I have allowed for three PV panel circuits which will allow maximum flexibility to upgrade the PV array capacity by future home owners. The forth junction box could accept a wind generator circuit. Boxes are well proud of siding to allow PV circuit water-tight connections to side of boxes.
I have also allowed for electrical power, water hose, and compressed air supply to both the upper and lower roof levels. This will assist on maintenance of the roof surfaces in the future. The air works well to blow off the cedar needles without removing the granules from the torch-on roofing. The difficulty with these penetrations is that they need to be installed before the exterior insulation and siding so that they can be air and water sealed at the WRB membrane level.
Originally I was going to install a diesel back-up generator (with remote thoughts of converting to burn used veg oil, like my truck, at some future point), but with a full tank providing less than two days of coverage, I instead decided to install a natural gas generator. The yearly connection fees to the utility are well under $200, so well worth convenience. And a NG unit is cheaper, will burn much cleaner than Diesel, and will be quieter. To offset the noise in close proximity of the neighbour, they will be provided an outdoor plug to utilize in power outages that will keep their heating system and some lights running.
I also prototyped and then installed permanent soffit light for the upper north roof (other roofs to follow as time permits). We elected to install continuous LED light strips to provide an even glow that is dimmable. Neither my wife or I are a fan of pot lights in this application.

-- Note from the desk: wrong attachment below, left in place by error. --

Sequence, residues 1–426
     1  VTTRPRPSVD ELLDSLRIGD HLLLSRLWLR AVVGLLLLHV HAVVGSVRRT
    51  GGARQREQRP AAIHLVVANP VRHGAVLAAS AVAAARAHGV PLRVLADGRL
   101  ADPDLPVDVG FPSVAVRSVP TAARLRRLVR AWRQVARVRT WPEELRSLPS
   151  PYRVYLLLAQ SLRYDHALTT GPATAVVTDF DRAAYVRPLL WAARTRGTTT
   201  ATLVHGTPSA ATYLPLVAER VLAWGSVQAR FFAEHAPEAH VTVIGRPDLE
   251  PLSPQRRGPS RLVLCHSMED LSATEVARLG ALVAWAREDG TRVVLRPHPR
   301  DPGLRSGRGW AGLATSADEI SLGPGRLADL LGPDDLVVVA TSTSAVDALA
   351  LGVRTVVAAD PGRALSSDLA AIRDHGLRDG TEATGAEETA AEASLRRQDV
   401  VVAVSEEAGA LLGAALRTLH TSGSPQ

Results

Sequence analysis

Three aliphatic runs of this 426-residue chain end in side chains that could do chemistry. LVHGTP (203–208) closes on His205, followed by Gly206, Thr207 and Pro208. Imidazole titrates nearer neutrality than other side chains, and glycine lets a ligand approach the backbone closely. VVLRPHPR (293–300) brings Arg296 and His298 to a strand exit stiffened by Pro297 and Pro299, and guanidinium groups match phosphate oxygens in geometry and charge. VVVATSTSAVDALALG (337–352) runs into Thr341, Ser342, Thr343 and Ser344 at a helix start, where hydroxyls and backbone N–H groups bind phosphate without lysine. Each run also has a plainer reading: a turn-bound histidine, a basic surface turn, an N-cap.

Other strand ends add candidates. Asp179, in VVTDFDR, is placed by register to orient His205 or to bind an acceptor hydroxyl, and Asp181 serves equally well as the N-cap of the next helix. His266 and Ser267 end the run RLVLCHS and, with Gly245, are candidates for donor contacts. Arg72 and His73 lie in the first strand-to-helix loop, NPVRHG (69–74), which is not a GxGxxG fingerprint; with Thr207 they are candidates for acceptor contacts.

The LED light strips were applied to the wooden framing with a bead of silicone to provide a lasting connection. The included self adhesive strip pulls away from even pained framing in a day or two. The strip was also fasted every few feet with a screwed-in clip.
Finally, I also installed the air tight door that will separate the main portion of the basement from the cold room/metal work shop below the garage. In the photo below, you can also see the 5ft x 8ft door that will be installed at the basement exit to side yard walk-up stairs. This will allow large projects from the wood shop to exit the house easily and also allow the installation of large water storage tanks for the Hydronic heating/cooling system.
With the majority of the exterior building envelope behind me, I will now turn to the interior of the dwelling. The first task will be to insulate the roof assembly and install the sealed plywood air barrier on the underside of the roof trusses. The ROCKWOOL insulation package will be arriving this coming week (Thank-you to ROCKWOOL for their continued support of this build).
This will then allow me to finally introduce some heat into the building (temp electric heaters). On that thought, I am also thrilled to advise I have entered into an agreement with Daniel Schlicher of DS Design Consultants (on advise from John Siegenthaler) to assist me in designing the hydronic heating and cooling system for this dwelling. I am using LoopCAD (thank you to Brad McCrea of Avenir Software for providing this at a heavy discount) to model the dwelling, determine accurate heat losses per room, and design the room by room hydronic heating panels that will be installed generally in the ceilings. Daniel will then design the piping and control system for the heating/cooling plant using an Air to Water Exterior Heat Pump. It is a huge relief to have the personnel for this component design nailed down!
PS: Preliminary calculations show the total heating load for over 4500 sq ft will be less than 20K Btu. That is less than a fifth of a standard requirements for a code built house of this size.
With the vast majority of the structure, envelope, and exterior complete, I am hoping I am on the final lap of this journey. I do not anticipate any of the outstanding utility rough-ins to provide significant roadblocks or extended labour requirements. So occupation of the dwelling is still hoped to be accomplished by late summer or early fall of this year. Lets hope anyway!
As always, thanks for visiting and send me your comments. I would love to hear from you!